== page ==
Attygalle wanted to figure out how they do this. He’s an analytical chemist at Stevens Institute of Technology in Hoboken, New Jersey. Attygalle teamed up with other researchers, including Kipling Will, a biologist at the University of California at Berkeley.
Will collected 18 of the beetles. He fed and injected them with chemicals similar to the ones the beetles use to protect themselves. The chemicals are strong enough to irritate human skin and kill ants, but they didn’t bother the beetles at all.
Attygalle analyzed the beetles’ spray using a piece of equipment called a mass spectrometer.
The scientists were able to trace the route the chemicals take through the beetles’ bodies. The chemicals collect in a reservoir, where they are stored until they are needed.
That happens when the beetles are threatened — when they’ve been swallowed by a frog, for example. Valves open and the chemicals are pushed into a “reaction chamber.” There, they are mixed with enzymes. This heats them to a boiling 212 degrees Fahrenheit (100 degrees Celsius). It also converts the chemicals into their final, sometimes-deadly product.
Then, “like detonating a bomb,” Attygalle says, the beetles shoot the spray from their backsides. The spray is so pungent and irritating, the frog spits the beetle out.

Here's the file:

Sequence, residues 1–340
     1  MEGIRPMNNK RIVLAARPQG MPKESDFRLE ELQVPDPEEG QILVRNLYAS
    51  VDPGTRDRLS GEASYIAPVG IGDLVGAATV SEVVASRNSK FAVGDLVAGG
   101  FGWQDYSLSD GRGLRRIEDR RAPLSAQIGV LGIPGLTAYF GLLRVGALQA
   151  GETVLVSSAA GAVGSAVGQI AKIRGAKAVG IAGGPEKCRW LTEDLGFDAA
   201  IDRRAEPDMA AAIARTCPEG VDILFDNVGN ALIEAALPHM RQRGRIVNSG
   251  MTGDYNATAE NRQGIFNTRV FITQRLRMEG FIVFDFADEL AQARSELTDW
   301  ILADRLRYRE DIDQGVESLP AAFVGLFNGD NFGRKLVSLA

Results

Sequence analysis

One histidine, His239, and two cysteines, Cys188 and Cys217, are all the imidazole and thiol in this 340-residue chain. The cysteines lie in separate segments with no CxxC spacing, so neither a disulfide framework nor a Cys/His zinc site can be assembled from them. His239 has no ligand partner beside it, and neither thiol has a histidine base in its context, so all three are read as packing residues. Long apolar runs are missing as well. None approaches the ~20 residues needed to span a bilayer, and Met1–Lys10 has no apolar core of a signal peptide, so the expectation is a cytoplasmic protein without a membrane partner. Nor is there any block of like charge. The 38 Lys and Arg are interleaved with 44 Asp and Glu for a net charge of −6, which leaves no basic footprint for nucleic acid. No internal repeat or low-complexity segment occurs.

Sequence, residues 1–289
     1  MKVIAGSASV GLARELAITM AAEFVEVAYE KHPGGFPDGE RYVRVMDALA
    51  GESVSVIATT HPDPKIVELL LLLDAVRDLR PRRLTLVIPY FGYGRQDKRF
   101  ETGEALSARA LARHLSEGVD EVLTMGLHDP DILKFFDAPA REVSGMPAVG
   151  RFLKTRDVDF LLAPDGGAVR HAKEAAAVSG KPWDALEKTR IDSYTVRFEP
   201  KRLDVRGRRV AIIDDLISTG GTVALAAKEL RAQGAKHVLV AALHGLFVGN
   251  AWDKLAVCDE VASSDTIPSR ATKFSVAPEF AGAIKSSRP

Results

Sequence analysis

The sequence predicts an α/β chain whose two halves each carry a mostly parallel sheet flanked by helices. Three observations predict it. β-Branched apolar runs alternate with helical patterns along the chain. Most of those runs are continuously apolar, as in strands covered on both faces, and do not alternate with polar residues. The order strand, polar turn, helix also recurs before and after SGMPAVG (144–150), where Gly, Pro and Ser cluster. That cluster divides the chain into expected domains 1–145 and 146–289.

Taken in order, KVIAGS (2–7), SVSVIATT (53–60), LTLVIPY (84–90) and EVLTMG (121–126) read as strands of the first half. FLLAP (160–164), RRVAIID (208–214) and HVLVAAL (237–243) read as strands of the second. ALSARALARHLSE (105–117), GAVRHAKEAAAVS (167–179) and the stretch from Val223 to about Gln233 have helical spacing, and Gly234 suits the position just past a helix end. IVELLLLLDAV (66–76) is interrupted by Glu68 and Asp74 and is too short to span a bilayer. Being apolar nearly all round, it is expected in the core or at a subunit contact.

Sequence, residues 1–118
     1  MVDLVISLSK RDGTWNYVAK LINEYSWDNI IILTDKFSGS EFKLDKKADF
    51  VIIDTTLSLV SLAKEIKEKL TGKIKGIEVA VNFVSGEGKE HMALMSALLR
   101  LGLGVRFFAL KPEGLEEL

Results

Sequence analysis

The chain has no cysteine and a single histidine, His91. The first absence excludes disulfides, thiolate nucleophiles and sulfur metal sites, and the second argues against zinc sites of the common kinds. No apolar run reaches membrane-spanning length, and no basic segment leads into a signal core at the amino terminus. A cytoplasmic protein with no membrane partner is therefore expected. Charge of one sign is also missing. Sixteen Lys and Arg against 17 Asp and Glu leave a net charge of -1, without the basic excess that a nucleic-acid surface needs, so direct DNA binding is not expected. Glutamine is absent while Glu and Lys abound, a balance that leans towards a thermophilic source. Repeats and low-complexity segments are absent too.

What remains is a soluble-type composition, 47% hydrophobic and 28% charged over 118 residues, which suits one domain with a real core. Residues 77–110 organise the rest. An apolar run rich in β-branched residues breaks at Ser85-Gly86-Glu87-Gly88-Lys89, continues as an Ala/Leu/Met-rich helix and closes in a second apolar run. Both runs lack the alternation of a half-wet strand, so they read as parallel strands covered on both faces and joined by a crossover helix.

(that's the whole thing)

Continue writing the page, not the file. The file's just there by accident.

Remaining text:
The scientists also discovered that how the spray is made is different than researchers once believed. Once it was thought that the two compounds in the spray were made from the same starting material. Scientists now say they’re made from two substances.
Attygalle says bombardier beetles aren’t the only ones that use these chemicals to protect themselves. Other beetles, spiders and some millipedes do, too. But bombardier beetles are the only ones that “heat it up and spray it,” Attygalle says. His team’s research shows that these different organisms “have independently come up with these mechanisms, which is biologically interesting.”
Many kinds of chemicals are important throughout the insect population. In fact, “nearly all insects are chemistry-controlled,” Attygalle says. “It’s why they have been so successful at surviving evolutionary pressures.”
For example, when monarch butterflies mate, the males transfer a toxic chemical to the females. This chemical protects their eggs from being eaten by predators.
Attygalle says his favorite part of insect-chemical research is having his theories proved right.
He and collaborators such as Will “start with stories, which need a lot of imagination — and often your imagination is wrong,” he says. “You wouldn’t believe how many times we get negative results.” But when it all pans out after months of trying, “all the bells are ringing — it worked! That is the biggest fascination and joy.”